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Delirium is an abrupt change in the brain that causes mental confusion and emotional disruption. It makes it difficult to think, remember, sleep, pay attention, and more. You might experience the condition during alcohol withdrawal, after surgery, or with dementia. Delirium is usually temporary and can often be treated effectively.
Delirium is categorized by its cause, severity, and characteristics:
Delirium tremens is a severe form of the condition suffered by people who are trying to stop drinking. Usually, they have been drinking large amounts of alcohol for many years.
Hyperactive delirium is characterized by being highly alert and uncooperative.
Hypoactive delirium is more common. With this type, you tend to sleep more and become inattentive and disorganized with daily tasks. You might miss meals or appointments.
Some people have a combination of both hyperactive and hypoactive delirium, alternating between the two states.
Diseases that cause inflammation and infection, such as pneumonia, can interfere with brain function. Additionally, taking certain medications (e.g., blood pressure medicine) or abusing drugs can disrupt the chemicals in the brain. Alcohol withdrawal and eating or drinking poisonous substances can also cause delirium.
When you have trouble breathing due to asthma or another condition, your brain does not get the oxygen it needs. Any condition or factor that significantly changes your brain function can cause severe mental confusion.
If you are over 65 and/or have numerous health conditions, you are more at risk for delirium. Surgery patients and people withdrawing from alcohol and drug abuse are also more at risk. Conditions that damage the brain (e.g., stroke and dementia) can increase the risk. Your risk is also higher if you are under extreme emotional stress. The following factors may also contribute to delirium:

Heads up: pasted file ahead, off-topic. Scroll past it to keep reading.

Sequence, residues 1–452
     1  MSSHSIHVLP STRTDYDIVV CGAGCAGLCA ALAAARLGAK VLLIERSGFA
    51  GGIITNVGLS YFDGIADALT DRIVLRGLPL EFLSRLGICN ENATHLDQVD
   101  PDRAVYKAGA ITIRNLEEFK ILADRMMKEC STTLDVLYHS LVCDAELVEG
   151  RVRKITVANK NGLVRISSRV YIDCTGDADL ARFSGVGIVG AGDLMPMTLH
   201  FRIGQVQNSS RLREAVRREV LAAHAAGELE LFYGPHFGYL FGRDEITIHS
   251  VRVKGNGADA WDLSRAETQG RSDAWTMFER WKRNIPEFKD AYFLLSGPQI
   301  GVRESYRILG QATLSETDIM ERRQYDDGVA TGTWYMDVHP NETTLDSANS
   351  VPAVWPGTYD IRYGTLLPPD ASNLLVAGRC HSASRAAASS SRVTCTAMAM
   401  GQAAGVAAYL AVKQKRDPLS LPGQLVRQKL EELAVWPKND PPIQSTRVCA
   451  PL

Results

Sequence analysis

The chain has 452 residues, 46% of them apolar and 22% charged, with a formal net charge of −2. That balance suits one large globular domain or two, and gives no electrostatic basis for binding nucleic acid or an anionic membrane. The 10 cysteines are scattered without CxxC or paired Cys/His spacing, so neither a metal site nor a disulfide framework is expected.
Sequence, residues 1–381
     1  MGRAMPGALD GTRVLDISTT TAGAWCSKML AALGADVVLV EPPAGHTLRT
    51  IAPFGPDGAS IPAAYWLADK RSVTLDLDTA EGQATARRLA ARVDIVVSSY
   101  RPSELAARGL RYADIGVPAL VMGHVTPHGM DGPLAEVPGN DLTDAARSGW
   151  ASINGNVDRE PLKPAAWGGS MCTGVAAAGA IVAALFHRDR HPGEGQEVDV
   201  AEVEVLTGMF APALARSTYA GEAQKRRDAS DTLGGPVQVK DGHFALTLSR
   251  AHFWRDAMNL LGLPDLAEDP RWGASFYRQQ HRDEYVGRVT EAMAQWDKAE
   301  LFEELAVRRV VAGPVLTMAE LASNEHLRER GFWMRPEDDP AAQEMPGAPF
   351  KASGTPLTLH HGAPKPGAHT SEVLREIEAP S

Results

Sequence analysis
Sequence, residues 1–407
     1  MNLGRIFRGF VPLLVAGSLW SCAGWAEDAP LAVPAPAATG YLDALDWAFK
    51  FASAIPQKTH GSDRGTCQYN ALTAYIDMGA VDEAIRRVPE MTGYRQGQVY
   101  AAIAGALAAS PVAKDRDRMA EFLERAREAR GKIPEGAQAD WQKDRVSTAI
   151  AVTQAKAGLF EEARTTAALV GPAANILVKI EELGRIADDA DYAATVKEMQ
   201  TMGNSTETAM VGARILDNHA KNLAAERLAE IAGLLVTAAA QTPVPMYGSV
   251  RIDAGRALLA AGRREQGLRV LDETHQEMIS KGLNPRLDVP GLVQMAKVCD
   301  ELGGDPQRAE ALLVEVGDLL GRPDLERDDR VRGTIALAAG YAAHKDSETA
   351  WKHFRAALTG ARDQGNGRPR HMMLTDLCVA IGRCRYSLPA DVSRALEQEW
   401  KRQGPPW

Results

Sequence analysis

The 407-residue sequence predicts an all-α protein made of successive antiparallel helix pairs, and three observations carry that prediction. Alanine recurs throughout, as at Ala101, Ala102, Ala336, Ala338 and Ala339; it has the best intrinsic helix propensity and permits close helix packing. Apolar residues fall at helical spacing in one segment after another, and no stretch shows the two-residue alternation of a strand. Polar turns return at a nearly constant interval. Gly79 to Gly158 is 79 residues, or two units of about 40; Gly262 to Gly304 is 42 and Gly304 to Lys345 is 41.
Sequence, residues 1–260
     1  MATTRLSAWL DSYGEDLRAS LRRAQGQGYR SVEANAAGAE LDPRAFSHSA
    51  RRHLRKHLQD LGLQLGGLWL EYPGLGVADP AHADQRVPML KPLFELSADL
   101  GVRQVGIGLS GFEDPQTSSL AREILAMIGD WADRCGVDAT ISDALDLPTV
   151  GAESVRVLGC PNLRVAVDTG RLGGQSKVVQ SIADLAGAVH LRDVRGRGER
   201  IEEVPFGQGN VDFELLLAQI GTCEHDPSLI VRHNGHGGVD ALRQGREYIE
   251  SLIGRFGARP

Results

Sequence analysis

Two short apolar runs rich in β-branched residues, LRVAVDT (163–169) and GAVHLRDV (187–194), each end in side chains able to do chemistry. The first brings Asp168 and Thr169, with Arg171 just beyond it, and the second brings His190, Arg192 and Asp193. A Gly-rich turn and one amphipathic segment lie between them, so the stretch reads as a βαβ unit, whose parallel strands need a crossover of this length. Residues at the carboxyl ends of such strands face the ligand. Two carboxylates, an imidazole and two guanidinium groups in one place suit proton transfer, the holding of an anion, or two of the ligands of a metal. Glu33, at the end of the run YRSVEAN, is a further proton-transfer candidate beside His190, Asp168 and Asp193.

Delirium affects your mind, emotions, muscle control, and sleep patterns. You might have a hard time concentrating or feel confused about your whereabouts. You may also move more slowly or quickly than usual, and experience mood swings. Other symptoms include:
Your doctor will observe your symptoms and examine you to see if you can think, speak, and move normally. Some health practitioners use the Confusion Assessment Method (CAM) to diagnose or rule out delirium. The doctor observes whether or not:
Many factors can cause changes in brain chemistry. Your doctor will try to determine the cause of the delirium by running tests relevant to your symptoms and medical history. One or more of the following tests may be needed to check for imbalances:
Depending on the cause of the delirium, treatment may include taking or stopping certain medications. Counseling may also be helpful in certain cases. In older adults, an accurate diagnosis is important for treatment, as delirium symptoms are similar to dementia—but the treatments are very different.
Your doctor will prescribe medications to treat the underlying cause of delirium. For example, if your delirium is caused by a severe asthma attack, you might need an inhaler or breathing machine to restore your breathing. If a bacterial infection is causing the delirium symptoms, antibiotics may be prescribed.
In some cases, your doctor may recommend that you stop drinking alcohol or stop taking certain medications (e.g., codeine or other drugs that depress your system). If you are agitated or depressed, you may be given small doses of one of the following medications:
If you are feeling disoriented, counseling may help to anchor your thoughts. Counseling is also used as a treatment for people whose condition makes them engage in dangerous behaviors. In all cases, counseling is intended to make you comfortable and give you a safe place to discuss your thoughts and feelings.
Full recovery from delirium is possible with the right treatment. It can take up to a few weeks for you to think, speak, and feel physically like your old self. You might have side effects from the medications used to treat this condition.
Written by: Chitra Badii
Published on Jul 25, 2012
Updated on Feb 15, 2013
Medically reviewed by George Krucik, MD
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